Can I Use 10w40 Instead Of 5w30?- [Explained]

A proper engine oil boosts your engine’s efficiency as well as its viscosity. You can’t get better performance from your car if you don’t use the correct oil. Both 10w40 and 5w30 oils can lubricate the engine effortlessly.

So, can I use 10w40 instead of 5w30?

No, you should not use 10w40 instead of 5w30. 5w30 is thinner oil specialized for colder weather. Whereas, 10w40 is way thicker which is suitable for warm weather. Applying 10w40 instead of 5w30 will decrease the engine’s efficiency. It’ll create engine wear and friction, which will damage the engine quickly.

Still not sure? Relax! This isn’t all. We have prepared a broad discussion about the uses of both 10w40 and 2w30 oils.

 If you have a few minutes, join us!

What Are 5w30 and 10w40 Oil?

Before going into the details, let’s learn some basics. You might not know about these oil types. Hence, we have described them briefly for you.

Starting the discussion with 5w30. 5w30 is an artificially developed oil. It has an efficiency of viscosity level of 5 under lower temperatures. Also, viscosity value of 30 in higher temperatures.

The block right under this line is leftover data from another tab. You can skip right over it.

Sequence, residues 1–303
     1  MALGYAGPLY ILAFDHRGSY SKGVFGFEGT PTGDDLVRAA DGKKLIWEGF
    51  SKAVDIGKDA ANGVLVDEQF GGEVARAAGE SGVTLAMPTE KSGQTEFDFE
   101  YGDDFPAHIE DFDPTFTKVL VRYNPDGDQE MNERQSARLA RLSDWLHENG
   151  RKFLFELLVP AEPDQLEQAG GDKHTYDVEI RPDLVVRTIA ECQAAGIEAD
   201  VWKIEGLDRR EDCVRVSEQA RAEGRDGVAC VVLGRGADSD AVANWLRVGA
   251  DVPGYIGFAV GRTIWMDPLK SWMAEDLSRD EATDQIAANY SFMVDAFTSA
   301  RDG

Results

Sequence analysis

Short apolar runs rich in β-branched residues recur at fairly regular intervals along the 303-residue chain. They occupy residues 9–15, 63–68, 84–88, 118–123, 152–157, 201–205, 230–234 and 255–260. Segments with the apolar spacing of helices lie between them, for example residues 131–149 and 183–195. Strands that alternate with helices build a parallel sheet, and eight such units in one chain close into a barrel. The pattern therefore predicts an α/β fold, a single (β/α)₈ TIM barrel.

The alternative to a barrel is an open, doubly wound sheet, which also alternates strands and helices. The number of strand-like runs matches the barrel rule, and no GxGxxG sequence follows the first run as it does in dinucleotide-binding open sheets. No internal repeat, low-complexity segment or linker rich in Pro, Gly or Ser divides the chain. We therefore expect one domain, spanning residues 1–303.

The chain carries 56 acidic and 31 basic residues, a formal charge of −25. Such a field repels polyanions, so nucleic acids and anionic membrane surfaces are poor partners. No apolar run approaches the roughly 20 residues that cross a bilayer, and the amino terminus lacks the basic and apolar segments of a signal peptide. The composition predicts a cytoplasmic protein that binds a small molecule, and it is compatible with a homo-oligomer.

Compared with 10w40 oil, 5w30 is considered as less viscous engine oil. It’s applicable for both low and high temperatures. 5w30 performs as the lubricant to boost up the efficiency of your engine.

Then 10w40 oil is also an artificially developed engine oil. It provides a viscosity level of 10 under colder atmospheres and 40 under hotter temperatures. Compared to 5w30, this oil is way more viscous under both low and high temperatures.

Key Differences: 10w40 vs 5w30

Measuring viscosity levels under different temperatures, these two are considered differently as per usage. So, we’ve prepared this chart to enlighten you with the key differences between 5w30 and 10w40.

Let’s have a look-

Features10w405w30
Viscosity LevelHighLow
FluidityThickThin
AtmosphereBest for hot temperature areaBest for cold temperature area
Suitable Engine Appropriate for older model car enginesAppropriate for new model car engines
Sat Down EngineNot suitableSuitable
Lubricating LevelHigh on hotter temperaturesHigh on colder temperatures

Now, we’ll deeply discuss these features right down below. If you’re interested enough, let’s jump into the wagon! 

Viscosity Level

Viscosity measures the oil’s flowing resistance. Higher the viscosity, slower the flow. A higher viscosity indicates less smoothness of your engine’s friction.

Between two of our motor oils, 10w40 has a higher viscosity level. It performs best during hot temperatures as it’s more resistant to flow.

Contrarily, 5w30 oil holds a low viscosity level. A lower rating means smoother flow of fluid. This type of viscosity is more suitable for colder temperatures. 

Fluidity

Motor oil reduces the friction between the engine parts and other parts of a vehicle. If you don’t use any motor oil, engine parts will rub altogether.